A long, black train stood in the station, emitting clouds of smoke.  A bearded station employee in a black, sooty uniform opened the door to one of the coaches.  The other doors creaked open from within as though at a signal.  For a moment, no one boarded the coaches or descended from them, as if everyone had frozen in place.  Suddenly the tumult began.  Those wishing to board pushed toward the narrow doors, squeezed toward the openings; those who’d come to receive the arriving passengers crowded one another along the platform’s length.  The arriving passengers descended only with great difficulty from the coaches.  Her father surveyed the coaches, one by one: first an old man emerged, straining to carry a large leather satchel.  A young man moved toward the old man, smiled warmly and helped him descend the narrow steps.  Then another man and woman emerged, content, engaged in conversation while their eyes sought whomever they were looking for.  Two excited girls waved to a handsome man who hurriedly pushed toward them and they hopped up and down, and an erect woman with curly hair and fine clothes, her high heels tapping, firmly grasped the hands of two elegantly dressed children and the three of them carefully descended the tall stairs.  People standing on the platform pushed themselves and their belongings forward, barely remembering their manners.  As though there had been no war.  Or perhaps because there had.

“Dorex, come,” her father drew his dog closer.  Then he scratched his head and looked left and right, but again remained rooted in place for the tenth, the twentieth time, and perhaps he was already confused and erred in his accounting.  He smelled the odour of roasted chestnuts.  One of the station employees shrilled twice quickly on a tin whistle.  The locomotive tensed, roared and exhaled smoke.  Dorex also tensed.  A group of people descended hesitantly, in a clump, from the penultimate coach.  He straightened.  To his chagrin their blank expressions, their shorn hair, their open wounds, the clothing hanging on their bodies like on scarecrows, their clenched hands, were already familiar to him.  They descended to the platform in a single mass, proceeding along the concrete floor like an animal that’d lost its head and limbs; if they should separate, God forbid, they’d resemble the scattered limbs of a shattered body.  When they came down a murmur spread through the crowd.  A fissure opened among the waiting forms as though the sea had parted and a narrow path opened for them on which to walk.  They stood on the platform like abandoned property.  Where will they go?  Her father hurried toward them, his heart pounding in his chest, quickly paged through the many faces, reading their features – No.  No.  Nor her. – And moved to the next array of limbs, skimmed over them also with eager eyes:  No.  Not her.  Nor her either.  Perhaps this woman?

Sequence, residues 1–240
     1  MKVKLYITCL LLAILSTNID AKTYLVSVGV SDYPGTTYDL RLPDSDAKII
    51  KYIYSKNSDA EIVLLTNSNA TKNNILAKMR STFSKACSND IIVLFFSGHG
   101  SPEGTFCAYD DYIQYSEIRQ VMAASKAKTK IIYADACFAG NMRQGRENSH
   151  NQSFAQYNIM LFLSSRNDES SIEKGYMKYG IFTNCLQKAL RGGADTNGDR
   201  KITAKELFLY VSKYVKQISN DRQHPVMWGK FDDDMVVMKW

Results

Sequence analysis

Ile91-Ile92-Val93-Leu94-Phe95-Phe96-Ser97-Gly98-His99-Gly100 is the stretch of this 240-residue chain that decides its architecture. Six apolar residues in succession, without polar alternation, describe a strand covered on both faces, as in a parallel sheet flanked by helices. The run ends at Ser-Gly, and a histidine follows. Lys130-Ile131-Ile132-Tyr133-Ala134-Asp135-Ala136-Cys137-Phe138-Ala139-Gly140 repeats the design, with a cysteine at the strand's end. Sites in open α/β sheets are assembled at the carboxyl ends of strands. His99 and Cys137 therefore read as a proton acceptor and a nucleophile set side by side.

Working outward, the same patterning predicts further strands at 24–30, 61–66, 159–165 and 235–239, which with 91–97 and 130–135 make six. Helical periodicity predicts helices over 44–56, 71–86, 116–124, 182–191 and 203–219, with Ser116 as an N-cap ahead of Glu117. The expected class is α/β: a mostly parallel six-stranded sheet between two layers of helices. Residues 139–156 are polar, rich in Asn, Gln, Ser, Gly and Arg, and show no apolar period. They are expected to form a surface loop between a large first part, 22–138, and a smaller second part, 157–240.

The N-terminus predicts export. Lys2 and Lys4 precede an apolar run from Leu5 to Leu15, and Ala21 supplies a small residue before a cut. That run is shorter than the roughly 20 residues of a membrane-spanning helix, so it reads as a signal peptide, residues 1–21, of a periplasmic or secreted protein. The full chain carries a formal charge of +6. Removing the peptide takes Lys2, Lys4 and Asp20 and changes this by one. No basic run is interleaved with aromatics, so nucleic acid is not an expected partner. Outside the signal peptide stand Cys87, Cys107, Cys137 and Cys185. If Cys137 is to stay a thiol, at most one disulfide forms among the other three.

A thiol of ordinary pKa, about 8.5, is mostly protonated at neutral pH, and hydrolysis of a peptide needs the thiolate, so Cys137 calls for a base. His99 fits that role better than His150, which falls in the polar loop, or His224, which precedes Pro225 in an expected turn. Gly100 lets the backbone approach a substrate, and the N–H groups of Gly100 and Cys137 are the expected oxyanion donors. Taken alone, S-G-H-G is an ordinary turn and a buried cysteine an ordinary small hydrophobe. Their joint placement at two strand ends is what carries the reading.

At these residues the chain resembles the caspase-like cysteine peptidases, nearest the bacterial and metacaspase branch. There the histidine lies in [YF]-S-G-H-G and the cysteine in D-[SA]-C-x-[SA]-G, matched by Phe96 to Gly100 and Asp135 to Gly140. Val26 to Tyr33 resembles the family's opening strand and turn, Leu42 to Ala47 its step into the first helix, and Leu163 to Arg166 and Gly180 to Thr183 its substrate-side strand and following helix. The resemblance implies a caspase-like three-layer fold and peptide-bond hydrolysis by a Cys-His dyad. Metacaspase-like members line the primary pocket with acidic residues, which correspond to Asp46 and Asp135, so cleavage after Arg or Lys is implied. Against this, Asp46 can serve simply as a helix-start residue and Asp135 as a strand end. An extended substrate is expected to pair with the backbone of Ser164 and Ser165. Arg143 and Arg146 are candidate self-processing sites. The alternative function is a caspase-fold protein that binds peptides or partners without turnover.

And that girl, is that Eva?


Well he knew:  Today he’ll again return alone to the empty house.

Chapter 5: Hotel Malta

(Hakibbutz Hameuchad Publishing House, 2015, Translated from the Hebrew by Charles S. Kamen)


Article by Author/s
Edna Shemesh
Edna Shemesh is an Israeli author, translator and book reviewer; the author of short story collection Amstel (2007) and novels The Sand Dunes of Paris (2013), Hotel Malta (2015) and Go, Pave the Sea (2018). Her fifth book, A Sensitive Woman, will hopefully be published soon. She is a two-time recipient of the “Am Hassefer” translation prize by the Israeli Ministry of Culture for the translation of The Sand Dunes of Paris and Hotel Malta into English, invited lecturer at Harvard University, SIS University of Shanghai and The National Library of New Zealand, guest of the Shanghai Writers Association and a MacDowell Fellow. She spent two unforgettable months in Queensland and Orpheus island, and wishes she could go back again.